Chamber gets seat on road tax oversight board
Published: Tuesday, August 12, 2014 at 4:06 p.m.
Last Modified: Tuesday, August 12, 2014 at 4:06 p.m.
If Alachua County voters in November approve a sales tax to fund road projects, a citizens' board will keep watch over how the millions of dollars raised are being spent.
On Tuesday, the County Commission decided the seven-member advisory panel will be filled by members chosen by the county, the city of Gainesville, the other cities in Alachua County, and the Gainesville Area Chamber of Commerce.
The sales tax initiative, known as Moving Alachua County Forward, would institute an eight-year, 1-cent sales tax to finance various transportation projects.
The committee would ensure the revenue is used for approved projects, it would track expenditures and offer recommendations to the county and its municipalities regarding potential amendments to the initiative or the local governments' interlocal agreements regarding projects eligible for sales tax funding.
The committee will include seven voting members and four alternates, all of whom must be Alachua County residents.
None of the board members, who will serve staggered terms, can be elected officials or employees of Alachua County or its municipalities.
The county, city of Gainesville and the Alachua County League of Cities will each appoint two members and one alternate. The league is composed of representatives from Alachua, Archer, Gainesville, Hawthorne, High Springs, LaCrosse, Micanopy, Newberry and Waldo.
The Chamber of Commerce's board of directors will appoint one member and one alternate. The chamber, which hasn't taken an official stance on the referendum, has expressed particular interest in the oversight committee and its composition.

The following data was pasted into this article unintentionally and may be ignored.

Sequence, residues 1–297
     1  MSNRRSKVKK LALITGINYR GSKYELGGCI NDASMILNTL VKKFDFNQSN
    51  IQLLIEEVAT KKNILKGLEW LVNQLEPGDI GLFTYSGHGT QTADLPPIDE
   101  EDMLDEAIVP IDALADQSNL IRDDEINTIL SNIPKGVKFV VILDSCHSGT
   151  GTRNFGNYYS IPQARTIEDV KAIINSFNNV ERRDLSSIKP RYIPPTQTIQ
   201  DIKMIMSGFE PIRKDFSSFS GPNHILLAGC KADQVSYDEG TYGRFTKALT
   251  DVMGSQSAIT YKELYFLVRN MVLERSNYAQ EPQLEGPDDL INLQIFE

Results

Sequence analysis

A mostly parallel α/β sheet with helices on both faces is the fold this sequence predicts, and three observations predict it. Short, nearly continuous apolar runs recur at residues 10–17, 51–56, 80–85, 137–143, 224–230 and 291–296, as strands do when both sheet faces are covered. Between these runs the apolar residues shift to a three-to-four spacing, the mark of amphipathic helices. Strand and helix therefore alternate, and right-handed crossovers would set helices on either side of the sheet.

Commissioner Mike Byerly said he didn't support designating a seat for the chamber. He said it is not appropriate to say one group with a particular point of view gets a seat on the board, suggesting it should be a citizen-at-large seat if anything.
Commissioner Susan Baird countered that the chamber is a critical partner in this effort and said it would be a "disservice to the community" not to include it as part of this committee.
Commissioner Lee Pinkoson said the county does need a partner in this initiative while Commissioner Charles "Chuck" Chestnut IV pointed out the board is strictly advisory in nature.
"I'm not really hung up on who actually serves on the committee, whether it be the chamber or any other group," Chestnut said.
Baird also advocated for requiring at least two committee meetings per year, if not once per quarter, rather than just once per year. She stressed how much revenue would be involved in the eight-year sales tax, which would bring in around $30 million per year.
"But I just think once per year for a quarter of a billion dollars in eight years is really not enough to make sure that we stay on track," she said.
The County Commission voted 4-1, with Byerly in dissent, to approve the staff-recommended oversight committee format, including the Chamber of Commerce appointment.
The commission incorporated Baird's recommendation that the committee meet at least twice per year as well as Commissioner Robert "Hutch" Hutchinson's suggestion that committee members be appointed before the November election so people will know who is on the board before they cast their votes on the initiative.
Kamal Latham, the Chamber of Commerce's vice president of public policy, said his organization was pleased with the commission's decision regarding how to structure the oversight committee.
"We are humbled and delighted to see that staff's recommendation for this resolution prevailed," he said.
Transportation Planning Manager Jeff Hays said this was one of the final decisions the County Commission needed to make regarding the Moving Alachua County Forward initiative, although the county still does need to approve the related interlocal agreements with its municipalities, which should happen later this month.
Contact Morgan Watkins at 338-3104 or firstname.lastname@example.org.